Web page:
Tomorrow is the day almost everyone in London has been waiting for. At 6.30am on Tuesday 24th May the first ultra sleek trains will set off from Paddington in the west and Abbey Wood in the east and the much anticipated Crossrail line will at last be more or less fully open for business.
Having all ready poked around the odd Crossrail Station, I can say there is no comparison between the most of the old 20th and 19th century stations and these gleaming new palaces of public transport. Crossrail or the Elizabeth Line as it will be known stretches under over 60 miles (100km) of London along the East-West axis and includes 26 miles of new tunnels deep beneath the Thames and skyscrapers.
Crossrail will end up costing about £19 billion and is opening up 4 years late but is thought to be the most transformational improvement in London life for many decades, even for those who never use it.
The reasons for the delay were not the much vaunted engineering challenges of building epic tunnels and underground stations that could swallow The Shard whole, that bit all went to plan. What proved infinitely trickier was the creation of the most complex and digitally advanced railway system on Earth which has been more complicated than anyone could have imagined. The good news is though that the hard work all been done and London is going to be opened up as never before.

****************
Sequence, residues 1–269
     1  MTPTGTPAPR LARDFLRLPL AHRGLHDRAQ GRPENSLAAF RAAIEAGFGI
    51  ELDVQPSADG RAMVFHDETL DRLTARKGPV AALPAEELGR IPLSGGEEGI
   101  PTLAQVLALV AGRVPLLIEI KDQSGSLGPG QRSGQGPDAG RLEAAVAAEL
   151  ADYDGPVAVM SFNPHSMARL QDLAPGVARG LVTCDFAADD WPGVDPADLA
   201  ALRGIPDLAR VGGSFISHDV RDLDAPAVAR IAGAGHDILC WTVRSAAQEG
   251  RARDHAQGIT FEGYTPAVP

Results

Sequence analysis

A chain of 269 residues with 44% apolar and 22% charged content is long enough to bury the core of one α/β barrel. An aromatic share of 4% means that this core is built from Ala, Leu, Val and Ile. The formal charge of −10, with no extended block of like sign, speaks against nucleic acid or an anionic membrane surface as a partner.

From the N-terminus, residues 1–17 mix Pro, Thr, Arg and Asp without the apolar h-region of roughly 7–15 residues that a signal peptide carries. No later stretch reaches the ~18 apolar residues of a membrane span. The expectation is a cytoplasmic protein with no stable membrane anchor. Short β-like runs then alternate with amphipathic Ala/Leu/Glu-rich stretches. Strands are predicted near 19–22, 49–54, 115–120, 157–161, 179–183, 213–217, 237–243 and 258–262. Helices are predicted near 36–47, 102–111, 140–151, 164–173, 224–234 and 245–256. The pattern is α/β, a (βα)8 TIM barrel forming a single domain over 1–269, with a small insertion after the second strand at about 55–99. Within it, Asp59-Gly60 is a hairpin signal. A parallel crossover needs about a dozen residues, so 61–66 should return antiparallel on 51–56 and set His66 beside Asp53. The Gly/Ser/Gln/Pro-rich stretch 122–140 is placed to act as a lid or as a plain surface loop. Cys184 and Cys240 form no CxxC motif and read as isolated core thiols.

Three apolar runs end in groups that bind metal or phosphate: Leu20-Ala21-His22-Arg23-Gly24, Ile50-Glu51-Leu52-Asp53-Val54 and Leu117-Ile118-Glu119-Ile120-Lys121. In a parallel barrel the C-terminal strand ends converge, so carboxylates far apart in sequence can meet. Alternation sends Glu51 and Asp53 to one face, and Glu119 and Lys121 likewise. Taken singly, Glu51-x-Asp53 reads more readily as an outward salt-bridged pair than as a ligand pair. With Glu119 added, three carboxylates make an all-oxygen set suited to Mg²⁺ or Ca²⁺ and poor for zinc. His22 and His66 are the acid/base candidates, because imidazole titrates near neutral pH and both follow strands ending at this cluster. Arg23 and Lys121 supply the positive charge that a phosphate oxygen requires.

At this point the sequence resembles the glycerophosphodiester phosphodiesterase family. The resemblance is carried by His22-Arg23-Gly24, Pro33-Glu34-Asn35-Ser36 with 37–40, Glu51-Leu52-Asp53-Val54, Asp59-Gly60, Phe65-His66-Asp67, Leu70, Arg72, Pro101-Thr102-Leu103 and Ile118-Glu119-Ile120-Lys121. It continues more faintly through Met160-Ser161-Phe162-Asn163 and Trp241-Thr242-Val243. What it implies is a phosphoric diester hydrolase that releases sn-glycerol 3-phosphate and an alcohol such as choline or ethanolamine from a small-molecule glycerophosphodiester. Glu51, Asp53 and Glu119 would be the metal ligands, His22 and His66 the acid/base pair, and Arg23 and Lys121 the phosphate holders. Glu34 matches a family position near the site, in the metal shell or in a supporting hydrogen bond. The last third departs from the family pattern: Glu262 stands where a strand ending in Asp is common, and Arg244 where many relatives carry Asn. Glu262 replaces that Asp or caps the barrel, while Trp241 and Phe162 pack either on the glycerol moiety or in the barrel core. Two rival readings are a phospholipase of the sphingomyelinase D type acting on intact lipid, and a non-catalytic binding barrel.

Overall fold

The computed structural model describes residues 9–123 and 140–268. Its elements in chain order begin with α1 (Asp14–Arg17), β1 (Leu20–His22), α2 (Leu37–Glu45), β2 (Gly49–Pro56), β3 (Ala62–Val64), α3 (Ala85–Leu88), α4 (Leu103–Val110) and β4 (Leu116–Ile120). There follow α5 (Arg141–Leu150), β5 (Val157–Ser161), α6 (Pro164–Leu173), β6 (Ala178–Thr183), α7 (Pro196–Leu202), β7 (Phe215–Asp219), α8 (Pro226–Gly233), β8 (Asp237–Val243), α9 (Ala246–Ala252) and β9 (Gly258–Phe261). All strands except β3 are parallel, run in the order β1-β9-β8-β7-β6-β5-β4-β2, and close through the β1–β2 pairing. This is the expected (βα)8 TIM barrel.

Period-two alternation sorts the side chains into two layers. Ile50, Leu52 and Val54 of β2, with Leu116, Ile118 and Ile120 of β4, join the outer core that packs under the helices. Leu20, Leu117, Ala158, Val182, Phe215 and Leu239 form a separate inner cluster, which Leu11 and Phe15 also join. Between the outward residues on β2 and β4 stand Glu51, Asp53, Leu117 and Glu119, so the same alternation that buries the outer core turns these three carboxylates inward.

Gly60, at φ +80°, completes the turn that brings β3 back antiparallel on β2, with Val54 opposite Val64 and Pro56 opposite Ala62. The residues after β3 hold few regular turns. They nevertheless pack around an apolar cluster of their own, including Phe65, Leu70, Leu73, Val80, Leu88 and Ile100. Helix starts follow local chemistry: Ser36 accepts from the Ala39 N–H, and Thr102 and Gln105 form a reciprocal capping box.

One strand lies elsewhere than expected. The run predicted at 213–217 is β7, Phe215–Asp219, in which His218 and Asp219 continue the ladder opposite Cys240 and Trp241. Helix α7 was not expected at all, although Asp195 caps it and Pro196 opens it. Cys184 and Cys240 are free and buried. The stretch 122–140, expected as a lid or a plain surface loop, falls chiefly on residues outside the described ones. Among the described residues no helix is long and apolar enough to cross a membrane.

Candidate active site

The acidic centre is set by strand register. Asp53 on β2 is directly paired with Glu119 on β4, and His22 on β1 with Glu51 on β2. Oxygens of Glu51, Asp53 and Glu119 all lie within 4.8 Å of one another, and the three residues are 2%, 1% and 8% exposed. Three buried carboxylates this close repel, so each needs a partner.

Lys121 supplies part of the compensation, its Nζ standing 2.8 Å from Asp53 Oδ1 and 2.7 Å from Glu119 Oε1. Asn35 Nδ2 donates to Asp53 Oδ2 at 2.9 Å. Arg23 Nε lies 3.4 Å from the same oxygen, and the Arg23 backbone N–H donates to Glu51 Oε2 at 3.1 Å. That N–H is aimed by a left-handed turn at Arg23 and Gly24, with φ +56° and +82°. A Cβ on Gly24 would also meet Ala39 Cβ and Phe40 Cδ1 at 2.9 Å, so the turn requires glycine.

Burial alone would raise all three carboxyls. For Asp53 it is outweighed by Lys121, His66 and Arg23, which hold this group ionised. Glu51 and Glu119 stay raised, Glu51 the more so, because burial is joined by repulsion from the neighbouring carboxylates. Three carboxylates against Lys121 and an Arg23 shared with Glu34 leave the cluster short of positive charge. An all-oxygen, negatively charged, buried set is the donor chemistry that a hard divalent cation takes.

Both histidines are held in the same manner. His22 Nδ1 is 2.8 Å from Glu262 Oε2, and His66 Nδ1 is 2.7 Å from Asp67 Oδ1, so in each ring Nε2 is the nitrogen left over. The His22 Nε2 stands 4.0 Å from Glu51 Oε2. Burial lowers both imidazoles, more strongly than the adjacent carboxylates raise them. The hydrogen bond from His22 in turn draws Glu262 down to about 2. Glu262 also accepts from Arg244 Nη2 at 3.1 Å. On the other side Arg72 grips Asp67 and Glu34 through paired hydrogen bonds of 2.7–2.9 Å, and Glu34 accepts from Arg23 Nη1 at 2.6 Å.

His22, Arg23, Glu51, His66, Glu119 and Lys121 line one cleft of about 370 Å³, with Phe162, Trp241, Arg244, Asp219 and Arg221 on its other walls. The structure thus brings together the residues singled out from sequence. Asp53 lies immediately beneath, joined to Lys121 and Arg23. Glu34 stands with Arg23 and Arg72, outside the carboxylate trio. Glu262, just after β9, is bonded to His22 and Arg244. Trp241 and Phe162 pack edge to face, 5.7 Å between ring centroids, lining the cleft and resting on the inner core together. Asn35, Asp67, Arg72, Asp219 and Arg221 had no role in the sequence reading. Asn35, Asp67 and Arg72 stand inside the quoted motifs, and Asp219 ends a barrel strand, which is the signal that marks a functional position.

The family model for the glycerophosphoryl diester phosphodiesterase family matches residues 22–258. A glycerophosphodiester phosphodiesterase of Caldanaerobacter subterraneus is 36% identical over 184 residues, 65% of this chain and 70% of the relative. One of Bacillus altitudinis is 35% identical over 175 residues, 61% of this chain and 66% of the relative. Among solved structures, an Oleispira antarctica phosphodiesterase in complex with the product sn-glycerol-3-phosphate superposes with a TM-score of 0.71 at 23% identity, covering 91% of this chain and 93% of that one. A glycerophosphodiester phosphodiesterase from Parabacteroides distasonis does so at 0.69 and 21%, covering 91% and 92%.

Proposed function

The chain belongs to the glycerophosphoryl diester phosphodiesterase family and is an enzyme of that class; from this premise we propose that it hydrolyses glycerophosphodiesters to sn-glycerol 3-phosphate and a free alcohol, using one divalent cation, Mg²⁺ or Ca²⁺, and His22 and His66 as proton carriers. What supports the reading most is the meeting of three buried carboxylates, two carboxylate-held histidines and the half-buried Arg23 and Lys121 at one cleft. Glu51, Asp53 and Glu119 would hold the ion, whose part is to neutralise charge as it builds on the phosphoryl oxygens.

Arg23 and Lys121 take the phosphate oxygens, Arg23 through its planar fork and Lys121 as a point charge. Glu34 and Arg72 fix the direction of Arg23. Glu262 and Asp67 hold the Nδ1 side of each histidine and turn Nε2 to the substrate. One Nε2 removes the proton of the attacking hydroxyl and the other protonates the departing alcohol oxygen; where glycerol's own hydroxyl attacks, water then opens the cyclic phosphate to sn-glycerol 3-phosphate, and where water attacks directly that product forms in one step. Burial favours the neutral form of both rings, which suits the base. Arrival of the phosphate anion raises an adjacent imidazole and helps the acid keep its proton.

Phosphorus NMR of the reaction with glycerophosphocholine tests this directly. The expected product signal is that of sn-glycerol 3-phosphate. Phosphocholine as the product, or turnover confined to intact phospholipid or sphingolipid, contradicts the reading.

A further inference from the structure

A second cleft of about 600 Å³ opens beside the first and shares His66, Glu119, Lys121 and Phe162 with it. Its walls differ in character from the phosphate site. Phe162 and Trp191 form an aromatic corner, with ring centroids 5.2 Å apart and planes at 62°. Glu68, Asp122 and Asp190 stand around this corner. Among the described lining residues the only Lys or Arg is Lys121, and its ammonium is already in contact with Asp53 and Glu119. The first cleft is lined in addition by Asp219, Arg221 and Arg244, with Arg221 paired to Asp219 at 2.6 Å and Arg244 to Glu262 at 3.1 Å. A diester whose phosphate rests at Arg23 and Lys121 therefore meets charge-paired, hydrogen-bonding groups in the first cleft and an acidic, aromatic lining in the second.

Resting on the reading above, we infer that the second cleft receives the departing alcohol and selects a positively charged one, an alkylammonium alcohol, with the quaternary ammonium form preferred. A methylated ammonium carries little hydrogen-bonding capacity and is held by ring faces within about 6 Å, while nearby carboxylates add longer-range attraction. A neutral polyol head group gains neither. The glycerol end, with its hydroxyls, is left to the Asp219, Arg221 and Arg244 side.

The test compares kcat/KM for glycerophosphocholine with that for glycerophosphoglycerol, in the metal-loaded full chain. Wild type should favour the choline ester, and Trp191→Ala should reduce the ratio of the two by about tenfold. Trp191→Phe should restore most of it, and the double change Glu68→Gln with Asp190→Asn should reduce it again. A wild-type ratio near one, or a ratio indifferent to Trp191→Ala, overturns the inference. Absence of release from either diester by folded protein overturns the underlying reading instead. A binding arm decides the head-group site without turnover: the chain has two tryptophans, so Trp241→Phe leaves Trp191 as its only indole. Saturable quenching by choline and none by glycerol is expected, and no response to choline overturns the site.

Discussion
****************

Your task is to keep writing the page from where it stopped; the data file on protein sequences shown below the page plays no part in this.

So what is Crossrail? Why was it built? And what will it be like to use? The line stitches together existing railways from the east and west — so that trains from Reading and Heathrow, which now have to halt at Paddington — can glide to stops in the West End and City before heading east on two routes, one past Stratford to Shenfield, and the other through Canary Wharf and under the Thames to Abbey Wood, with bus and rail links fanning out across south-east London. Fares will be the same as on the Tube.
Crossrail itself isn’t a new idea. There were proposals in the 19th century and another official report gave its approval in 1974. Margaret Thatcher have her own approval to a similar scheme in the 1980’s and it is said that she decided on an East-West route rather than a North-South route because no-one that she knew in Chelsea would ever want go to Hackney!